The Indians hurried off with their prisoners, avoiding white settlements along the way, hurrying forward without food or rest. Great-great-great-grand pappy Samuel said how the adults had no food, but the Indians had some jerked venison that they gave to the children. He said the kid's feet were bleeding from all the walking and their mother used her clothing to wrap their feet.

Finally, after traveling a long way, the Indians stopped and sent their two best hunters for game. They returned with one poor coon. They dressed the coon, made a kind of soup and they all finally had a little food.

The Indians were hurrying with the Gillhams toward the Kickapoo town near the head waters of the Sangamon River in Illinois. Ol' Samuel said he heard Mrs. Gillman tell that after they had crossed the Ohio River on three rafts of dry logs, they finally started moving slower and found food. The group marched by Vincennes and Terre Haute and finally reached the Kickapoo Indian town of Salt Creek, about 20 miles from today's Springfield, Illinois.

Ol' Samuel said it was a terrible scene when James Gillham returned from the field to his house. He saw the feathers from the beds scattered all over and his wife and children gone. The frontiersman knew his family had been taken by Indians. Gillham and his friends immediately started to trail the Indians. They found footprints of Mrs. Gillham and her children in several places, but soon the trail was lost. Gillham abandoned the lost trail, sold his property in Kentucky and went to Vincennes and Kaskaskia hoping the French traders who had knowledge of the Indian tribes could be able to help him. However, at this time the whites and Indians were very hostile and little information was to be found. After five long years Gillham heard from a French trader that his family was with the Kickapoo Indians. With guides and two French interpreters, Gillham visited the Indian town at Salt Creek. He found his wife and children alive and well! A ransom was paid through an Irish trader named Atchinson at Cahokia. Great-great-great grandfather Samuel said the youngest child could speak no English and it took some time before he could be persuaded to leave the Indian country.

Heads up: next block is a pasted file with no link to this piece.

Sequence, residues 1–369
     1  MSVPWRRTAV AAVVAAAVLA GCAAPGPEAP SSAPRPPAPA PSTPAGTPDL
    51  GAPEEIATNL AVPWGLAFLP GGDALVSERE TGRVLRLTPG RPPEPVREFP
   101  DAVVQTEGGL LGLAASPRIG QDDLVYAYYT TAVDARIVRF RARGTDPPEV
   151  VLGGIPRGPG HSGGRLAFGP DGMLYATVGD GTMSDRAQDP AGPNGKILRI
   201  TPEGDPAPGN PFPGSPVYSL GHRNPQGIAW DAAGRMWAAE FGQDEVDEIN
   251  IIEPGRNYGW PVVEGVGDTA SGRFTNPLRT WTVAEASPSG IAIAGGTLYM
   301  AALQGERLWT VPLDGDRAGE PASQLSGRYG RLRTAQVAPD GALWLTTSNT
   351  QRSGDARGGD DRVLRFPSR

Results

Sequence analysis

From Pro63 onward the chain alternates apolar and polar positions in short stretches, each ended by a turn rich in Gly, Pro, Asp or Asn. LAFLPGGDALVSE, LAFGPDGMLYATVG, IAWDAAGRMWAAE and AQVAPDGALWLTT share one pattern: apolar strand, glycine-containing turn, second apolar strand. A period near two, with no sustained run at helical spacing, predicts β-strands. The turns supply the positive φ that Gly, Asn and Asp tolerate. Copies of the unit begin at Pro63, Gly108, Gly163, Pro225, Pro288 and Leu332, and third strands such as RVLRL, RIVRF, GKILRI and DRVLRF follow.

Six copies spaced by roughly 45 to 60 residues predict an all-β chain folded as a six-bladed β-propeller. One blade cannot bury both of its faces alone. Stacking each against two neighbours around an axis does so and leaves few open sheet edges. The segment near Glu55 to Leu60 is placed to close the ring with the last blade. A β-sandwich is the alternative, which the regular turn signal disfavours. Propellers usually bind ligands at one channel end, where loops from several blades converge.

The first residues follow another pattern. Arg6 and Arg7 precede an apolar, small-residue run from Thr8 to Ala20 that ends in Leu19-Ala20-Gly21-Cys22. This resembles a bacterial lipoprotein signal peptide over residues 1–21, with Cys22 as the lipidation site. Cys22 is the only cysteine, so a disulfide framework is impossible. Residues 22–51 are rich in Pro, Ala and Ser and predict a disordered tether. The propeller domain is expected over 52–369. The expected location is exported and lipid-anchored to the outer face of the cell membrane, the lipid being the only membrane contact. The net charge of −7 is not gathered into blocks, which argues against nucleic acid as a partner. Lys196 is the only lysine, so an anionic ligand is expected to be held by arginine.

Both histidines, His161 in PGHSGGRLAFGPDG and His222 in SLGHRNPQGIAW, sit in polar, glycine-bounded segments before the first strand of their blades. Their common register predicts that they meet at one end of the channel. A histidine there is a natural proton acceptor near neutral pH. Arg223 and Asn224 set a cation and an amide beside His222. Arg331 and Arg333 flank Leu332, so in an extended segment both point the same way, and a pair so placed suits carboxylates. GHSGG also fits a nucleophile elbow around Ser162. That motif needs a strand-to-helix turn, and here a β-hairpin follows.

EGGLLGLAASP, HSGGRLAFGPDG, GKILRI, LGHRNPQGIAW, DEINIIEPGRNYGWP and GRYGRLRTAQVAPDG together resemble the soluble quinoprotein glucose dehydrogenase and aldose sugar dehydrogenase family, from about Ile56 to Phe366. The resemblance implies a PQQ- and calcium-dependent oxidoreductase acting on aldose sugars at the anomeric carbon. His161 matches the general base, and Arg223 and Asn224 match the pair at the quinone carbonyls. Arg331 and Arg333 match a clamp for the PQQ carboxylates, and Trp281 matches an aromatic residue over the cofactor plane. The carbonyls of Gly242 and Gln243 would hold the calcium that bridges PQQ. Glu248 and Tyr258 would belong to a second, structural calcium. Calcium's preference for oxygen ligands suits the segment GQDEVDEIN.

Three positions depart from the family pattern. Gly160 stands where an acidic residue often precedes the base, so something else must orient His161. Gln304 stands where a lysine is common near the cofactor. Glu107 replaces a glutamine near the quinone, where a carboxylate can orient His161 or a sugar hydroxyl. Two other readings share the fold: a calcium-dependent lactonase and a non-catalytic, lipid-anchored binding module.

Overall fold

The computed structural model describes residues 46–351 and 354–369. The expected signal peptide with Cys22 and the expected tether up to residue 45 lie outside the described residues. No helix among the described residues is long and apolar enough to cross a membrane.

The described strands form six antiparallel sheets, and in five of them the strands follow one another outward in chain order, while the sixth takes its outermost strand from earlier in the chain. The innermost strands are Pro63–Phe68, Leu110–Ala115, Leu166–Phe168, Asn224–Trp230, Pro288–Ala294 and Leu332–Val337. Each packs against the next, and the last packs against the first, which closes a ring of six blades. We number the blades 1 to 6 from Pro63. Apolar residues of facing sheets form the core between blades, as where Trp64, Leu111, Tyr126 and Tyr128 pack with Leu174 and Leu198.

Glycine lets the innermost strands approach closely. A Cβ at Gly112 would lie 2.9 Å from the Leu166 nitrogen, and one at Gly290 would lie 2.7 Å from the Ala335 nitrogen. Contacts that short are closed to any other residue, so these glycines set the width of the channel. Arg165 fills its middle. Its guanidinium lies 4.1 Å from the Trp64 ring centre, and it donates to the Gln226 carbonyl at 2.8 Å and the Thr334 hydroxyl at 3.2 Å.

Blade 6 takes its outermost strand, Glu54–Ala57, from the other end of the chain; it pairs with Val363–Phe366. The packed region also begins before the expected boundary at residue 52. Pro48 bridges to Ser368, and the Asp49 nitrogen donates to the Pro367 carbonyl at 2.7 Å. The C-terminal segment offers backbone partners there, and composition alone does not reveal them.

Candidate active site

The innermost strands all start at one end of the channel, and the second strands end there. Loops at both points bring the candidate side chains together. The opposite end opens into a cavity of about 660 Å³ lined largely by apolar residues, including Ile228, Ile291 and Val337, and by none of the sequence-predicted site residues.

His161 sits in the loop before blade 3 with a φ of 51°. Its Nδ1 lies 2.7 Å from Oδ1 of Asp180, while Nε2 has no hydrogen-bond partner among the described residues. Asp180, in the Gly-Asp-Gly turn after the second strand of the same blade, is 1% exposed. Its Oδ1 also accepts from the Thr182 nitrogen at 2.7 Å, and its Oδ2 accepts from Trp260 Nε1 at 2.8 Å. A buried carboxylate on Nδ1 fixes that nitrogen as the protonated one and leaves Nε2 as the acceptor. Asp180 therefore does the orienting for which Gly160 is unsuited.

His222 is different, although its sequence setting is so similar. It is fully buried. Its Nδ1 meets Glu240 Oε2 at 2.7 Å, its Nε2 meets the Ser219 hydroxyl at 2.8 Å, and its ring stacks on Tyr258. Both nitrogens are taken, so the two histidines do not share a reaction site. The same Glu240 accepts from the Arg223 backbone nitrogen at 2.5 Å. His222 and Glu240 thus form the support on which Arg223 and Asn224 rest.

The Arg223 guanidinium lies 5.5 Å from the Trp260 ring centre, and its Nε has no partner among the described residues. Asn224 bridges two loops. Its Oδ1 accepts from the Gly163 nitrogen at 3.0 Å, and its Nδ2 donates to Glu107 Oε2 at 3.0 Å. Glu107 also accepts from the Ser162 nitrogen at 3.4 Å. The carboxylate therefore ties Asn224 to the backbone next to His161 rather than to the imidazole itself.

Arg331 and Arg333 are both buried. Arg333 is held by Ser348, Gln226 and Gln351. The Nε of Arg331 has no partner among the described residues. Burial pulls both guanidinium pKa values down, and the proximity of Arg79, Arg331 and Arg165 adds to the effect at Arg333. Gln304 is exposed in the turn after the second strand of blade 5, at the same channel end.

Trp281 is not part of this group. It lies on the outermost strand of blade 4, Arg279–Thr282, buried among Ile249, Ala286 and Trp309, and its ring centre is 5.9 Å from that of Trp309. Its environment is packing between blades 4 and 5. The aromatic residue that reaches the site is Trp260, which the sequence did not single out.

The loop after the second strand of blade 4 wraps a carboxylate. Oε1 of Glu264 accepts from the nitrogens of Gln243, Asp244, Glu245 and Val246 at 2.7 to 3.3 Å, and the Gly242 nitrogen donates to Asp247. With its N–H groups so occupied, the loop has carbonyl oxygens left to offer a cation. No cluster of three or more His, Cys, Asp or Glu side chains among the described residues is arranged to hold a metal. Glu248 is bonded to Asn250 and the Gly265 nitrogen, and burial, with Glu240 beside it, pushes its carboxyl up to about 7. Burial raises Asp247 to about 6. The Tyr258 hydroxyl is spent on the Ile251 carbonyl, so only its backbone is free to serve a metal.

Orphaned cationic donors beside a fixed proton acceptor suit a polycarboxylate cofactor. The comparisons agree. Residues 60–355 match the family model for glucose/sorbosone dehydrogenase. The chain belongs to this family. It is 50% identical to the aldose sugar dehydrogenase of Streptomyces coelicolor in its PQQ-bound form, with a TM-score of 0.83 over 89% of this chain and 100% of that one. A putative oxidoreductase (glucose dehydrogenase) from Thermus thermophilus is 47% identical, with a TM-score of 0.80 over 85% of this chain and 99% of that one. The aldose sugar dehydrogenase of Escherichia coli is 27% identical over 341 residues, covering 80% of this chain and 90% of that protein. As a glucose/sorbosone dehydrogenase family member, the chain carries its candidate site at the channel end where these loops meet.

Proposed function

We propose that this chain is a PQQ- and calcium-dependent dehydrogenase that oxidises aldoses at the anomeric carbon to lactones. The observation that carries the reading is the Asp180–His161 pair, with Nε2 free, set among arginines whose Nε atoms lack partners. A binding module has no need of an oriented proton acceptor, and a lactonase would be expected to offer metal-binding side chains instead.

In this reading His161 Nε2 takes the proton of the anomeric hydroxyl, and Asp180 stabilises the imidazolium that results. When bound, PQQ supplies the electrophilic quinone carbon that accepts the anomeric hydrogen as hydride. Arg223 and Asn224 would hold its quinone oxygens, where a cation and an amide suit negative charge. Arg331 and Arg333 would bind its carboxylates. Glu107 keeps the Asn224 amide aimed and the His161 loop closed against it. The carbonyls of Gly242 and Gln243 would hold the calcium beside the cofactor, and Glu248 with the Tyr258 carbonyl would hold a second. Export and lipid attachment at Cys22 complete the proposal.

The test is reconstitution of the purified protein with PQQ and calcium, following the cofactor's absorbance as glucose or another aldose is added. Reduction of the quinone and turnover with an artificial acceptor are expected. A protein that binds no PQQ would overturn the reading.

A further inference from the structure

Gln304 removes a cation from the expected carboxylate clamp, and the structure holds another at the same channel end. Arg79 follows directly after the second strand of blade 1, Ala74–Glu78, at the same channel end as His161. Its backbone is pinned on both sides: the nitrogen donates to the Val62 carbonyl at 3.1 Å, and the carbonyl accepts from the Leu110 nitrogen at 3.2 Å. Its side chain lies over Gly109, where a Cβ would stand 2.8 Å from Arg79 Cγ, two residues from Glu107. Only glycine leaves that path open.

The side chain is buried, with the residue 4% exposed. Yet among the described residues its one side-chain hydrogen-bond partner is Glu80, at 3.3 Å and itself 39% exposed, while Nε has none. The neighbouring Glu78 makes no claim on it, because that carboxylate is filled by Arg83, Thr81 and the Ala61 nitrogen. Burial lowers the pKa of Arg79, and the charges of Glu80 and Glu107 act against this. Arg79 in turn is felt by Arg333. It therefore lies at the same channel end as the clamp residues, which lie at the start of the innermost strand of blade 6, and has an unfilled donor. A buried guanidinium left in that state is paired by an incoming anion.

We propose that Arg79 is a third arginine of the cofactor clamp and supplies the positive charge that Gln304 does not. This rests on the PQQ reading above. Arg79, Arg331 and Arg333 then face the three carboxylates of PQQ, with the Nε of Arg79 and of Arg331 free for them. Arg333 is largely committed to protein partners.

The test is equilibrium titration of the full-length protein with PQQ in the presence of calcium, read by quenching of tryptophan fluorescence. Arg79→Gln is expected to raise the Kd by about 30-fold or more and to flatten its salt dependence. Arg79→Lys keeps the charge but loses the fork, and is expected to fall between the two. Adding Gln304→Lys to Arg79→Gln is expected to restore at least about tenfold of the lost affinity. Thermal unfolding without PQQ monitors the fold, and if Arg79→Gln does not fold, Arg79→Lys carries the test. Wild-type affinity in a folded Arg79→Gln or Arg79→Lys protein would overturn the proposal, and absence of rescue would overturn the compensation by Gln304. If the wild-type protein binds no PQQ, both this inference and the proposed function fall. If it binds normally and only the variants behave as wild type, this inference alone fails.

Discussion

In 1797, two years after finding his family, Gillham became a resident of the Illinois Territory. The action of Congress in 1815 gave Ann Gillham her choice of any available quarter section of land within the Illinois Territory in testimony of the hardship and suffering she had endured during her captivity among the Indians. Ann and James Gillham settled on 160 acres of land near Long Lake in Madison County in 1815.

Well, Col. Ben did a fine job getting the land laws passed quickly by Congress. And, there are other areas where Col. Ben provided a lot of help for the folks in the Illinois Territory that I will tell you about later. He really achieved a lot in his two terms in Congress. I do believe that with Cousin Jake, Sid and Henry here working on this we are going to find out a lot more about what Col. Ben did in Congress! I hope so.

Here is some good news we all have been waiting for! Mark and his men are here at "my" house and have started work on the electrical part of the heating and cooling system. E.J. and his crew will be here any day and let me tell you, when they get here my food situation will definitely improve. I like the summer sausage from the Market Basket and so do they!! Ummmmmmm, can't wait!

See ya' later,